1998 because the case was proceeding on three tracks simultaneously.
First, Plaintiffs were monitoring compliance with the Amended Remedial
Order. That task required analysis of complex reports, meetings with
Defendants' staff people, nagging of Defendants to obtain data and
reports which they rarely, if ever, produced on time, aiding class
members with reimbursement claims, and preparation for, and attendance
at, regularly scheduled lengthy status conferences.
Second, Plaintiffs briefed Defendants' appeal and their own
cross-appeal in the Court of Appeals. While settlement negotiations
were taking place during this same time frame, they could not be
completed before undertaking the appellate briefing because of delay
necessitated by Defendants' need to consult extensively with other
government officials who were often too busy to reach. Moreover,
Defendants refused to agree to an additional extension of the appellate
briefing schedule which, if consented to, would have obviated the need
for the expenditure of many hours.
Third, a great many hours were spent in the actual negotiations and
drafting which produced the parties' agreement and the final Settlement
Order. While Defendants complain about the hours billed by Ms. Millian,
who worked on this task in addition to Mr. Terris, the fact of the
matter is that Defendants themselves had numerous attorneys
participating in the early phases of the settlement discussions before
the parties agreed to limit themselves to Mr. Tens and Mr. Ferren. Even
at that point, it was essential that Mr. Terris consult with Ms. Millian
about the substance of those meetings, about the strategies to be
followed, and about what concessions could be legitimately made without
abandoning the relief that had been won for members of the Plaintiff
class. Finally, it was Mr. Ferren himself, as Corporation Counsel who
negotiated the agreement with Mr. Tens, who specifically requested that
Ms. Millian redraft the Amended Remedial Order to conform to the
parties' agreement. Numerous drafts were prepared and exchanged, and
even after it was believed that a final settlement had been reached, the
District of Columbia did not agree to it and there were significant
hours spent in further negotiations and redrafting.
Defendants do not seriously dispute any of these facts. Consequently,
the Court concludes, subject to the one instance discussed below, that
the case was not overstaffed, that appropriate billing judgment was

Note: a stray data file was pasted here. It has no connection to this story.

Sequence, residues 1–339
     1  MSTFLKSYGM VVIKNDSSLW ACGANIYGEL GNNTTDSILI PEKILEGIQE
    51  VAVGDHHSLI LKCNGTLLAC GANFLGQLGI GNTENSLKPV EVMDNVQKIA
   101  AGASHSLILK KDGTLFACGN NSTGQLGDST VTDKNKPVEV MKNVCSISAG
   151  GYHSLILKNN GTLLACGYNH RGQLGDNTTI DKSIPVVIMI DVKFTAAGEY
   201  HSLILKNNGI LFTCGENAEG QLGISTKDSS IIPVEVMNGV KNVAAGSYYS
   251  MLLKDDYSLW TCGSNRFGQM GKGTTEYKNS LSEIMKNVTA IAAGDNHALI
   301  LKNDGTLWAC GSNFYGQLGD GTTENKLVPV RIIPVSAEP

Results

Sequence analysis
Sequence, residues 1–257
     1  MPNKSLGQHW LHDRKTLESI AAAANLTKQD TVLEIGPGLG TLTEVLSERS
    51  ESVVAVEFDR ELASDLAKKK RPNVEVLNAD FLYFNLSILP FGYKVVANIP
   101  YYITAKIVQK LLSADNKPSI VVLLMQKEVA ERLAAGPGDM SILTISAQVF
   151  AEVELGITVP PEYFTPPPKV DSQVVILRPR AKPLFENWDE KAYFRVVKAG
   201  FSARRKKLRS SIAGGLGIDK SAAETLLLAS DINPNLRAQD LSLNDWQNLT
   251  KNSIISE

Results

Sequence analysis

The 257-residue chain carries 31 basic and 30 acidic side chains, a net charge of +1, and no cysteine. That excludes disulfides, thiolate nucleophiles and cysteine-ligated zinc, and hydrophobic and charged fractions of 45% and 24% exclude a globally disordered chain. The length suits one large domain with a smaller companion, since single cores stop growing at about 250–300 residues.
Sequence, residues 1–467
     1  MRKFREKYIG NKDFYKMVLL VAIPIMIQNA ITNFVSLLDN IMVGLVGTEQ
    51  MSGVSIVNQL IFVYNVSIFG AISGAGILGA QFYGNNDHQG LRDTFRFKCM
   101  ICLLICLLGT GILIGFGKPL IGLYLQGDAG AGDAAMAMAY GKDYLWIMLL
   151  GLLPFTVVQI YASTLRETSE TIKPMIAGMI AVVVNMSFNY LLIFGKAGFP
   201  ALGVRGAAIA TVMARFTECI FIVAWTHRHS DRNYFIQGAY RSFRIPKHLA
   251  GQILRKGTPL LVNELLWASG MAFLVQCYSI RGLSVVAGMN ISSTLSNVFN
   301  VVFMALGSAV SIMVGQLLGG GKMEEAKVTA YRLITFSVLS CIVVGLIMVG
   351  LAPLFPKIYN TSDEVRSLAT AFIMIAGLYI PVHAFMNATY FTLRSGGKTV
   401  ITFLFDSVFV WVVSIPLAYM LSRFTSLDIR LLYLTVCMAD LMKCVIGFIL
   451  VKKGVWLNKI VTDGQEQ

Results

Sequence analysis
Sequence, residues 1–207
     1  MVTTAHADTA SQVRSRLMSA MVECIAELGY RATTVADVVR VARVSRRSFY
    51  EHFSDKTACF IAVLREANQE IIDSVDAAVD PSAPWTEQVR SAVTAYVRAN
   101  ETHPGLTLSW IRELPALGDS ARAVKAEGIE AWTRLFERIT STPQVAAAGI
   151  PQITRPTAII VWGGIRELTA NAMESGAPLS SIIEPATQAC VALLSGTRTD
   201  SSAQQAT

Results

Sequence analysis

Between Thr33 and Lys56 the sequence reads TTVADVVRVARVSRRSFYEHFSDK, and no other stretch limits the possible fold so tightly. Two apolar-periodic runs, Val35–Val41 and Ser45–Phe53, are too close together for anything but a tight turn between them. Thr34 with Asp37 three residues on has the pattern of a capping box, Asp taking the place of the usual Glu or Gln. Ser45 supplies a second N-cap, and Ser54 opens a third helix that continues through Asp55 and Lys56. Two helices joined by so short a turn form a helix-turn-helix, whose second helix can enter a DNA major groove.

exercised by Plaintiffs as they state in their Declarations, and that,
overall, the number of hours billed by Plaintiffs' counsel was
reasonable and necessary.
Defendants further complain that Plaintiffs' counsels' time records
are not detailed enough and that they cannot justify all the hours for
which compensation is sought. The Court has carefully examined these
records (which are explained, summarized, and categorized at great
length in Plaintiffs' papers), and concludes that there is simply no
merit to Defendants' position. This is the very kind of "nit-picking"
which our Court of Appeals has discouraged and criticized.
Defendants have also objected to the 44 hours spent by Clifford Rohde
in researching and drafting an internal legal memorandum on the catalyst
theory of attorneys' fees recovery. The Court has already ruled that his
billing rate shall be set at $75.00 per hour. In addition, the number of
hours spent on this memorandum, which would amount to at least one
week's worth of work, is excessive. Consequently, that number will be
reduced by 50%, and Plaintiffs may be compensated for only 22 of the 44
hours Mr. Rohde spent on this project.
V. What Are Reasonable Litigation Expenses?
Plaintiffs have requested an award of $8,787.38 in out-of-pocket
litigation expenses for postage, photocopying, telephone calls,
messengers, local travel, Westlaw, transcripts, medical records and
miscellaneous ($1.50). Defendants make no serious challenge to either
the categories of expense nor the amounts, both of which the Court finds
to be eminently reasonable in light of the extensive legal services
For the reasons stated above, Plaintiffs' Motion for an Award of
Attorneys' Fees and Out-of-Pocket Expenses, for 1998 [# 689] is granted
in part and denied in part.
An Order will accompany this Opinion.